Charlotta Bass (1874-1969) was the first Black female newspaper owner-editor in the U.S. She published the California Eagle, the largest and oldest Black newspaper on the west coast from 1912-1951. Bass dedicated herself to combating racist images such as the 1915 film Birth of A Nation, police brutality and supporting the Scottsboro Boys in 1931. During the 1920s she was the co-president of the Los Angeles chapter of Garvey’s UNIA and founded the Industrial Business Council to counter racial employment discrimination. During the Great Depression of the 1930s, she encouraged Black businesses with the campaign known as “Don’t Buy Where You Can’t Work”.  

Bass’ uncompromising stance against racial injustice resulted in her life being threatened on numerous occasions. She was branded a communist, and the FBI placed her under surveillance on the charge that her paper was seditious.

In the 1940s, the Republican Party chose Bass as western regional director for Wendell Willkie’s presidential campaign. Three years later, she became the first African-American grand jury member for the Los Angeles County Court. In the late 1940s, Bass left the Republican Party and joined the Progressive Party because she believed neither of the major parties was committed to civil rights.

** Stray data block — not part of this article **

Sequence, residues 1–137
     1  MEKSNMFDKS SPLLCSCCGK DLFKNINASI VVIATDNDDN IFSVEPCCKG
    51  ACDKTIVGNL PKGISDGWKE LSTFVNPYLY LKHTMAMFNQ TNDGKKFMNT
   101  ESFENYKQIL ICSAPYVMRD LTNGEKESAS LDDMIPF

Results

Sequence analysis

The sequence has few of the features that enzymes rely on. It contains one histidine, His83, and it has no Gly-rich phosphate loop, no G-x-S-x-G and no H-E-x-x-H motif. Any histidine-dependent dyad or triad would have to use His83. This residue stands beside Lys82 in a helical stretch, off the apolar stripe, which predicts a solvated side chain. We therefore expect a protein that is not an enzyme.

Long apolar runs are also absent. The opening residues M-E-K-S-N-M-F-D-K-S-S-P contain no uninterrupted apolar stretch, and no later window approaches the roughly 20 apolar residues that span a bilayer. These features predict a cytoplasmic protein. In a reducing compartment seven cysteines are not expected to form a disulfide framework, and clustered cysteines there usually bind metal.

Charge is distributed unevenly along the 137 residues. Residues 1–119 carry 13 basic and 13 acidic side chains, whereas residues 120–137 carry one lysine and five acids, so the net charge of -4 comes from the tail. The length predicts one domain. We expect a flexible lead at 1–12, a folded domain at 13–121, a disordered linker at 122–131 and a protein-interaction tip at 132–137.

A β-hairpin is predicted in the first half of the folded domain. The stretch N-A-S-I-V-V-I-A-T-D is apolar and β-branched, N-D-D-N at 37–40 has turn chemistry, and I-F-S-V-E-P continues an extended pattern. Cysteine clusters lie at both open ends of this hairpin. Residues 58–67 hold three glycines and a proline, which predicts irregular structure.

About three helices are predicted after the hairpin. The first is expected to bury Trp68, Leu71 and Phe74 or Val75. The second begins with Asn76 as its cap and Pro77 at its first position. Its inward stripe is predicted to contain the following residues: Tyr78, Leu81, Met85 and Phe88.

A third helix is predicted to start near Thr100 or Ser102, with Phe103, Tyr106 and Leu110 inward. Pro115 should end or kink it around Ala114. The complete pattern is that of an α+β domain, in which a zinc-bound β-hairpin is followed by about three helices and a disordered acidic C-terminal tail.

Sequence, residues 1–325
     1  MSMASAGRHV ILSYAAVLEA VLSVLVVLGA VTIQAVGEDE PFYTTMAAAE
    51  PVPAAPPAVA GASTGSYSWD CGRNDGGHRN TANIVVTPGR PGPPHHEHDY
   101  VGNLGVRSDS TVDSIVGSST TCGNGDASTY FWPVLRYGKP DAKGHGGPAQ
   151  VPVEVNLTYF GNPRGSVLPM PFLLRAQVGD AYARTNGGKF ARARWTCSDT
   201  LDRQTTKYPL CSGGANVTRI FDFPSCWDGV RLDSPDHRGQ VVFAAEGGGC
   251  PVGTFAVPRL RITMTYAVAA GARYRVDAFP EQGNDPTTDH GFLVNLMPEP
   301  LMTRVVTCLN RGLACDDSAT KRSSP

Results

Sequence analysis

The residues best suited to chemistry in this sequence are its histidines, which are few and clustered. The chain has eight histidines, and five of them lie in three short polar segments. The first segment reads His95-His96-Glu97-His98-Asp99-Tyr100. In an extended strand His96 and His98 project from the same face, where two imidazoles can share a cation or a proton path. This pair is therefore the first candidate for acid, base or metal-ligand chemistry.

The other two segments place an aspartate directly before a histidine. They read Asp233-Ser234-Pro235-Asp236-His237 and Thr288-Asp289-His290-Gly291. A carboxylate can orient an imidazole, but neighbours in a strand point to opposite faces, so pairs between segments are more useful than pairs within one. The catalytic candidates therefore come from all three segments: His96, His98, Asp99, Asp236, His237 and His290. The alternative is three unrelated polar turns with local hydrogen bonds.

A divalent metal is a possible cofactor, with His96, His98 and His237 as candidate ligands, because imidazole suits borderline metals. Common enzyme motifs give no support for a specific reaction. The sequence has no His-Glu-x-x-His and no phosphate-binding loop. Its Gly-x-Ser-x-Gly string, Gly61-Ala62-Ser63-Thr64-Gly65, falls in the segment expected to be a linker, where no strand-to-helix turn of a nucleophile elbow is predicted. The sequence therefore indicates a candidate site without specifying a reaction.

Bass served in 1952 as the National Chairman of the Sojourners for Truth and Justice, an organization of Black women set up to protest racial violence in the South. That year, she was nominated for Vice-President of the United States by the Progressive Party. Bass became the first Black woman to run for Vice-President of the United States. Her platform called for civil rights, women’s rights, an end to the Korean War, and peace with the Soviet Union. Bass’s slogan during the vice presidential campaign was, “Win or lose, we win by raising the issues.”


The National Portrait Gallery

Delve into the eventful and interesting life of the English writer Virginia Woolf, considered to be one of the most important writers of the 20th century. The National Portrait Gallery is showcasing a very personal look into Woolf’s life before, at the height, and the tragic end to her career.